Aliases for SLC6A13 Gene
- Solute Carrier Family 6 (Neurotransmitter Transporter), Member 13 2 3
- GAT2 3 4 6
- Solute Carrier Family 6 (Neurotransmitter Transporter, GABA), Member 13 2 3
- GABA Transporter 2 2 3
- GAT-2 3 4
- GAT3 3 6
- Sodium- And Chloride-Dependent GABA Transporter 2 3
- Solute Carrier Family 6 Member 13 4
- GABA Transport Protein 3
External Ids for SLC6A13 Gene
Previous GeneCards Identifiers for SLC6A13 Gene
GeneCards Summary for SLC6A13 Gene
SLC6A13 (Solute Carrier Family 6 (Neurotransmitter Transporter), Member 13) is a Protein Coding gene. Diseases associated with SLC6A13 include schizophrenia. Among its related pathways are Transport of glucose and other sugars, bile salts and organic acids, metal ions and amine compounds and Transmission across Chemical Synapses. GO annotations related to this gene include neurotransmitter:sodium symporter activity and gamma-aminobutyric acid:sodium symporter activity. An important paralog of this gene is SLC6A4.
UniProtKB/Swiss-Prot for SLC6A13 Gene
Sodium-dependent GABA and taurine transporter. In presynaptic terminals, regulates GABA signaling termination through GABA uptake. May also be involved in beta-alanine transport.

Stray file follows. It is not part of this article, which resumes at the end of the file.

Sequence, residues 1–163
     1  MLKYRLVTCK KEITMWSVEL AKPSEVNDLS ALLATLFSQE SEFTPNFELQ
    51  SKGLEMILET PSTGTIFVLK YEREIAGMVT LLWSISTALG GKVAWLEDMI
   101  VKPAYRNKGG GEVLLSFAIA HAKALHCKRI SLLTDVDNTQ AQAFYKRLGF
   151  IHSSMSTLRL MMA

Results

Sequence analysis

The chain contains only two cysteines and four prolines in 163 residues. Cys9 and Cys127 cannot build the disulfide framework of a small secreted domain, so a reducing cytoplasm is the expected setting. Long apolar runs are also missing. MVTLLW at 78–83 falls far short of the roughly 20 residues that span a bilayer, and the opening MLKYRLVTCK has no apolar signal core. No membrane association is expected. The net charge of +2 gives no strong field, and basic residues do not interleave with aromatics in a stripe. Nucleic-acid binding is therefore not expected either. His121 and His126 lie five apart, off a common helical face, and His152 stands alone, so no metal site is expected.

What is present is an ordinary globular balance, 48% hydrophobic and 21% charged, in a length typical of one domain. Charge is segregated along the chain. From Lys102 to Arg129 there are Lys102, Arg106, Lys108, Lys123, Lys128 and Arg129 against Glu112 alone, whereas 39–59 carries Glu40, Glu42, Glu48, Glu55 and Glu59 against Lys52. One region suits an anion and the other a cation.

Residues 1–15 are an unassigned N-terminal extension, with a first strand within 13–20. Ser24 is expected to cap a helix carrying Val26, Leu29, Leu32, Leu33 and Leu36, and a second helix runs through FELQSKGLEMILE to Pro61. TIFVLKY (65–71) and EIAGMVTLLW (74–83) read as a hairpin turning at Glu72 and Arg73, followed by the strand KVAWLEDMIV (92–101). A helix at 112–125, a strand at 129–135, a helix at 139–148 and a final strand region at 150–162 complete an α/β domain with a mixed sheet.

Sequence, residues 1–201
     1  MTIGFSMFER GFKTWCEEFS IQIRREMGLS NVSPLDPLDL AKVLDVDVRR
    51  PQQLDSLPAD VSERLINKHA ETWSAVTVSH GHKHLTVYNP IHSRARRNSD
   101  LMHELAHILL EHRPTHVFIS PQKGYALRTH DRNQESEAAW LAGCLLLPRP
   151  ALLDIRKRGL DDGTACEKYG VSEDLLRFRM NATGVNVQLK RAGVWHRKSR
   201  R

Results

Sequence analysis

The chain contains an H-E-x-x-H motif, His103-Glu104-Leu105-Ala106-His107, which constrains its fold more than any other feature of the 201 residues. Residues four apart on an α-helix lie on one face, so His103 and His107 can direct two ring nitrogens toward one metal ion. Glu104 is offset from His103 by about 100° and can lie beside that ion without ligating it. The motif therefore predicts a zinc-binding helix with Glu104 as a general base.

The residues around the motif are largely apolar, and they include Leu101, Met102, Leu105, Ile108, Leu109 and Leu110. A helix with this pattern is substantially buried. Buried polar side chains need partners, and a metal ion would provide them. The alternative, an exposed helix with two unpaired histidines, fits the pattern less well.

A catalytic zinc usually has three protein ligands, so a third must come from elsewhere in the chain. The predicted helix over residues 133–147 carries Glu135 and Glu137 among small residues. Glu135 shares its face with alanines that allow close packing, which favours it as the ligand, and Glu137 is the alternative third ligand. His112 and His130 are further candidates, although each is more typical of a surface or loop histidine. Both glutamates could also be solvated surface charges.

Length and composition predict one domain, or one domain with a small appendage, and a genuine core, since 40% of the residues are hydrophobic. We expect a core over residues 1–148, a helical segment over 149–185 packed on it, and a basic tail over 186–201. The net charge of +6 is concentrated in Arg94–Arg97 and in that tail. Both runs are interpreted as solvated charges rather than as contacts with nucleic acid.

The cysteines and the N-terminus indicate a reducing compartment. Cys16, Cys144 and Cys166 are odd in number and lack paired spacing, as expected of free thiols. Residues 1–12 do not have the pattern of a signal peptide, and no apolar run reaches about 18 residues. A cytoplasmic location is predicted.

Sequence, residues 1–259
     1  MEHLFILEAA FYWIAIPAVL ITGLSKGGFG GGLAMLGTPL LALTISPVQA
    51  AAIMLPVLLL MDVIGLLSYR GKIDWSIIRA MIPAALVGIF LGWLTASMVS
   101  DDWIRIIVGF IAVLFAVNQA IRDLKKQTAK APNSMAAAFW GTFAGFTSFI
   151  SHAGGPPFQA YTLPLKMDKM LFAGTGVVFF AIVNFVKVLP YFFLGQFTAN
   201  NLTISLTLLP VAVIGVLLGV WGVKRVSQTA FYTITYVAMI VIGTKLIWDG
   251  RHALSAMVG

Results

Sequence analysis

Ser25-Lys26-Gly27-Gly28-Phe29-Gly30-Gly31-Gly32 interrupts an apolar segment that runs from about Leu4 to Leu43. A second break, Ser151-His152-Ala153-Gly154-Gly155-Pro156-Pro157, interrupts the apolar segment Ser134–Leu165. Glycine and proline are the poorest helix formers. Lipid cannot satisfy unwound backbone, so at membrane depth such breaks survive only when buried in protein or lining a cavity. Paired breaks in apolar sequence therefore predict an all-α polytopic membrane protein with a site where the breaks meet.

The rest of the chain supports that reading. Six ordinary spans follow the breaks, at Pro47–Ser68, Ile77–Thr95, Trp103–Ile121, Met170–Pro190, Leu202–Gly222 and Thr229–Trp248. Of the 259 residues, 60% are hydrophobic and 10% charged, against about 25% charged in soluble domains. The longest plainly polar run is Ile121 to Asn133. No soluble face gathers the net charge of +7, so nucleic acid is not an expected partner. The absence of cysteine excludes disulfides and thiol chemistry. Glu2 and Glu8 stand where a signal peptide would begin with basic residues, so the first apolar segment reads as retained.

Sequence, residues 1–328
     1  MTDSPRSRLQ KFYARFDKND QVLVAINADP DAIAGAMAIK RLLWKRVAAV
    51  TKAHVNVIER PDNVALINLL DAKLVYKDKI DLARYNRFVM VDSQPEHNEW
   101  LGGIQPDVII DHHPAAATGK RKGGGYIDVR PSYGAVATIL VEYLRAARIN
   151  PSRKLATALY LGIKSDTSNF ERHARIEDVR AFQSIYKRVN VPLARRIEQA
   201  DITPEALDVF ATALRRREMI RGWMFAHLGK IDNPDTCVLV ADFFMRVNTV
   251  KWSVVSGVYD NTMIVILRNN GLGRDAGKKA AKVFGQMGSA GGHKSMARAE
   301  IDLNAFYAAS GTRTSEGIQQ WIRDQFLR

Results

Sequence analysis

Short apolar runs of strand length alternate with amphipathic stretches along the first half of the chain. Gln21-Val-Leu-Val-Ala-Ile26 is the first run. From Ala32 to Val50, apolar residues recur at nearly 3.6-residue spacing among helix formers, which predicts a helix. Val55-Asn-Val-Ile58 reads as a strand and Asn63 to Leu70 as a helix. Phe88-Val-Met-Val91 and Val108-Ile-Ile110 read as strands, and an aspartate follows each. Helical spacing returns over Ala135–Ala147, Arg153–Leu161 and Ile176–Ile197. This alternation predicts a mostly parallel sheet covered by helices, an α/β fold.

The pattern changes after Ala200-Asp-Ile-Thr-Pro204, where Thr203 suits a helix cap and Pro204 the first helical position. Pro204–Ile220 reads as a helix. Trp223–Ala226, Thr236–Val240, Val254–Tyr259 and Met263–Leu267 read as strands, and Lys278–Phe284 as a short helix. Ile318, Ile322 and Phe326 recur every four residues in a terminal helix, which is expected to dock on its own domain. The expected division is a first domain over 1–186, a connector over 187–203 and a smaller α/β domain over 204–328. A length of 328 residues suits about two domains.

GABA transporters are sodium- and chloride-dependent members of the solute carrier family 6 (SLC6) that mediate the rapid removal of GABA and maintain low extracellular levels. Four 12-TM domain transporters (GAT-1, GAT-2, GAT-3 and BGT-1) have been identified and localized to neurons and glia. While GAT-1, GAT-2, GAT-3 and BGT-1 bind GABA with varying affinities, they share structural motifs including 12-TM domains, extracellular glycosylation sites and intracellular consensus sites for phosphorylation. A vesicular transporter (VGAT) has also been identified. This member of the SCL32 family is both structurally and functionally distinct, containing 10-TM domains and being found in GABAergic and glycinergic neurons. Some anticonvulsants have been reported to act upon the GABA transporters. There is evidence to suggest that GABA transporters are linked to epilepsy, affective disorders and schizophrenia.